Here at TGC HQ Paul Johnston (known in the forum as Sparky) has been working hard on a new DLL for DarkBASIC Professional. After releasing the excellent Dark AI plugin he then moved onto creating a light mapping extension. After a lot of hard work we are pleased to show you a preview of Dark Lights. Due to be released this month, Dark Lights adds a suite of new lightmapping commands and features to DarkBASIC Professional, and also includes a versatile lightmapping tool with full source code. Infact the free editor that comes with the DLL created the front cover image of this months newsletter. Here are some of the features that Dark Lights supports:
The light mapper supports three types of lights, point lights which emit light equally in all directions and reduce in brightness over distance, directional lights which shine in a particular direction over all distances equally, and spot lights that shine in a particular direction like a flash light.
You can set the attenuation for point lights to control how light fades over distance from the light source. You can set the parameters for quadratic, linear, or no attenuation and the radius over which the light has effect.
You can add transparent objects that allow light through but modify the colour of the light on its way through. This can be used for stained glass windows that create a pattern on the floor behind when a bright light shines through them. There are three modes of transparency available, black colour key transparency that blocks or allows light through, alpha mapped texture for transparency that varies over the object and colours the light, and semi-transparent with consistent transparency over the object and colours the light.
The light mapper reads the vertex normals of the objects that are being light mapped and colours curved surfaces accordingly. You can also set the quality for curved surfaces to be higher than that for flat surfaces to make sure there are enough pixels to smooth the surface correctly.
Objects can cast shadows over each other or be set to only receive light and not cast shadows. You can set the shadow blurring to remove any sharp edges that are created in the transition between light and dark. Soft shadows can be achieved by either blurring or by using multiple point lights instead of a single point light to smooth the transition of shadows.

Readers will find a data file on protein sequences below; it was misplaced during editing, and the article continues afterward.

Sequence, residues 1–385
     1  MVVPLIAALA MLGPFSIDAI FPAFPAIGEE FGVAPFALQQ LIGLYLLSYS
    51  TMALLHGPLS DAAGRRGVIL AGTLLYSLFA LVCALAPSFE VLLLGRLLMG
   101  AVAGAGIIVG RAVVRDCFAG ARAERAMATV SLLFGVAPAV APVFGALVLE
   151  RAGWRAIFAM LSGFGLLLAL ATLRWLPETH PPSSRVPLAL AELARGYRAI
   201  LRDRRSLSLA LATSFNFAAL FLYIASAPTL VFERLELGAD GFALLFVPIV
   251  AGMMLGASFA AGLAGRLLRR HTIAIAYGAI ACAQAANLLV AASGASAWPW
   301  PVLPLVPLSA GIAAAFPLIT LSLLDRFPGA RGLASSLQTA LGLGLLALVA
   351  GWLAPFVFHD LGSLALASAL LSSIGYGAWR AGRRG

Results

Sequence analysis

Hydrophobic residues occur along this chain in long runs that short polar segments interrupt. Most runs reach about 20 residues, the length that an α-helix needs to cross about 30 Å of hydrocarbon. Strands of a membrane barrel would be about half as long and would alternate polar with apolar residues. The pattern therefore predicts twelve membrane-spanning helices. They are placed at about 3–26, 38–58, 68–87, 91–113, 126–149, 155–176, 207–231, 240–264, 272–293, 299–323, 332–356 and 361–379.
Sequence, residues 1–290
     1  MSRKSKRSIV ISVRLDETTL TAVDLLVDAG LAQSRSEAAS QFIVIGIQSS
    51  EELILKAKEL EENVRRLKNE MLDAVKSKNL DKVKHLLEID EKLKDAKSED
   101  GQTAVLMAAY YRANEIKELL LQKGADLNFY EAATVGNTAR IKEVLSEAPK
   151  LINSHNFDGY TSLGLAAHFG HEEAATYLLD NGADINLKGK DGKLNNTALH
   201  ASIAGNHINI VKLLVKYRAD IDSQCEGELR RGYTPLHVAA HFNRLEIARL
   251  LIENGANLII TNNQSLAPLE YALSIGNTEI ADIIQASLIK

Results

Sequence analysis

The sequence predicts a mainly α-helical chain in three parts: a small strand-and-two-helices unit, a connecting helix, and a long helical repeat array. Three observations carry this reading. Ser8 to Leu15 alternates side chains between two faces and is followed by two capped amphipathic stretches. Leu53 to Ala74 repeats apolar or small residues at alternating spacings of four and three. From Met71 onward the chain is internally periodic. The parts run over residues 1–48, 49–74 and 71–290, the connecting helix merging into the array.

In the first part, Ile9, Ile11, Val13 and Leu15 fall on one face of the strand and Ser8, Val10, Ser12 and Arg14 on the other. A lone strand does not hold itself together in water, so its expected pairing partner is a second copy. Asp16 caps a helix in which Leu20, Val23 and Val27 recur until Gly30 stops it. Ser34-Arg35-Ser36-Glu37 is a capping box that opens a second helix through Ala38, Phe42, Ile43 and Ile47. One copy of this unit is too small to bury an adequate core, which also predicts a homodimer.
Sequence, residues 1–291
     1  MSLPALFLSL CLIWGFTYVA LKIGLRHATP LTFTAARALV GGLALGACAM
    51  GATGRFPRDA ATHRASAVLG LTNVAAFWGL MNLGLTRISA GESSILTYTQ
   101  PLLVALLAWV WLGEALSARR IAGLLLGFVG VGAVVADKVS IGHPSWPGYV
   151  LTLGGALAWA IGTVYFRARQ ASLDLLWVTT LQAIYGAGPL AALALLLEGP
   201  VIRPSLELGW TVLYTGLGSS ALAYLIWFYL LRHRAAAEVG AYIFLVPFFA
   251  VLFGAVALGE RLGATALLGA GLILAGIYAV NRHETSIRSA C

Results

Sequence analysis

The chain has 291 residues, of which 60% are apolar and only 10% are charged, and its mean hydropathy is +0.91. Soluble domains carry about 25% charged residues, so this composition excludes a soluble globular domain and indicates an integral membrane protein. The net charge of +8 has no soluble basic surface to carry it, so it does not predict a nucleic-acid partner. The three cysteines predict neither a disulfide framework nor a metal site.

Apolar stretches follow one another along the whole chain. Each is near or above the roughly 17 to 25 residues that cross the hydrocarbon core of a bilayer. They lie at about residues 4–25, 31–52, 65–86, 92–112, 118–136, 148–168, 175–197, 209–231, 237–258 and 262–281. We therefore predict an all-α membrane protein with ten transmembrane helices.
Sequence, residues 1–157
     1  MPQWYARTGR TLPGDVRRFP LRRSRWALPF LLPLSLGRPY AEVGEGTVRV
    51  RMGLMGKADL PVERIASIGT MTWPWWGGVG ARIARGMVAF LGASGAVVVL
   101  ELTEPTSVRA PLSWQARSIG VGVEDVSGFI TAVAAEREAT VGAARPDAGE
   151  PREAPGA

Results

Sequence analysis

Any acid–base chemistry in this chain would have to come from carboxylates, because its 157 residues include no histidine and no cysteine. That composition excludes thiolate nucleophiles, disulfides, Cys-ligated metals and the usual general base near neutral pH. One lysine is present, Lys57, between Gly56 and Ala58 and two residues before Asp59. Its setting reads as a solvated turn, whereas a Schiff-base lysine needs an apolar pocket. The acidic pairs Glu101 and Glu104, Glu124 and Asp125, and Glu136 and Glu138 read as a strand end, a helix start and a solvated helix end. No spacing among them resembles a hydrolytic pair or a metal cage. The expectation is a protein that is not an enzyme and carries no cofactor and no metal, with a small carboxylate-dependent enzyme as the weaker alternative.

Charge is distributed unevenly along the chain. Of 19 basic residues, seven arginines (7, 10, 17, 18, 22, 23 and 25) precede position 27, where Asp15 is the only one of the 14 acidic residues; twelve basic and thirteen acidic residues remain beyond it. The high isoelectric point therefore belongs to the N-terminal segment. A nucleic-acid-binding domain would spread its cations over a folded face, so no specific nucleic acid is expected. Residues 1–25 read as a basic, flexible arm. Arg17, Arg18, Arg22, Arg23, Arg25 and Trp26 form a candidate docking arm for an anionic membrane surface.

The light mapper uses a fast ray casting engine to quickly work out if a point will be in shadow and allows many lights to be used whilst still maintaining quick build times in the order of minutes for complex scenes and seconds for simple scenes.
The light mapper allows you to start the light map process as a thread so that you can continue to display its status on screen whilst it is in progress. You can end this thread at any time before its completion allow you to cancel it without ending your program.
A form of global illumination, ambient occlusion creates realistic shading on surfaces by testing how much of a global light each point can see. Those points in corners or holes will see less of the global light and be darkened accordingly.
Click here to see a screen shot of Dark Lights in action on a level exported from FPS Creator (and loaded into DBPro)
You may be wondering what use these sorts of commands would be in DarkBASIC Professional. After all, even the fastest lightmapping routines would still take too long to be run in-game on complex levels. However there are many applications for this extension. A large number of people when creating games, build their own 'game editors' as well. Using this you could now add sophisticated light mapping functions directly into your tools. You could write your own stand-alone light mapping application with this. Write your own interface perhaps using something like BlueGUI, and use this extension to handle the actual mapping.
You could of course use it in-game if your game suits it. For example in a simple scene, dynamically generated, you could lightmap the entire level before the player even gets to start it. The threading options available mean you could even be doing this while the player is going through the intro sequence / game menu. Finally the editor we include with the DLL can be used to lightmap your own levels and objects. Using an intuitive 3D interface you can fly around your level, place lights, change the colour, fall-off distance and other attributes, before rendering the scene. You can then fly around the rendered scene and if you like it, save it out as a native DBO object. No more messy conversion with file formats - you can now import and map directly to DBO files which DBPro will load and display exactly as they appear in the editor. We even give you the source code to the editor, so you can add your own enhancements and learn from it.
Dark Lights is available for pre-order now at the very reasonable price of $25 (€19.99, £13.99) and will be released in the month of July 2006.
As part of their spending spree, Google have acquired many companies. One of them included the developers of 'Sketch Up'. Sketch Up is a free tool that allows you to 'quickly and easily create, view and modifying your 3D ideas'. As a 3D package Google are billing it more for those who wish to create visual designs for a new kitchen, or garden layout. However being ones to sniff out a bargain from a mile away we played with Sketch Up and found it to be an extremely versatile and very clever 3D editor. You can push and pull objects around, texture them, check shadowing, create sections and cut-outs, render and annotate. There is even a complete 3D gallery you can submit your models to (and download new ones from).